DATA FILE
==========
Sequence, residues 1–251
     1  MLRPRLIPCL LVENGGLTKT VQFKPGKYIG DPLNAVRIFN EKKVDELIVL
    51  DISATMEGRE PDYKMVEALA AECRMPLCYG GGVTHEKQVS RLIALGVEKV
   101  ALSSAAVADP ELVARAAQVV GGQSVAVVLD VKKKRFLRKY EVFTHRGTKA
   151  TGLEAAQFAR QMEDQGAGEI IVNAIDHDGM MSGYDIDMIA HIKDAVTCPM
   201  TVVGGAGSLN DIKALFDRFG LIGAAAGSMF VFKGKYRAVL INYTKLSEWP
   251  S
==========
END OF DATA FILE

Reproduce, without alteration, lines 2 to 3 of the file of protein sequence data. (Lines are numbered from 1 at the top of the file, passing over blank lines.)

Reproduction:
     1  MLRPRLIPCL LVENGGLTKT VQFKPGKYIG DPLNAVRIFN EKKVDELIVL
    51  DISATMEGRE PDYKMVEALA AECRMPLCYG GGVTHEKQVS RLIALGVEKV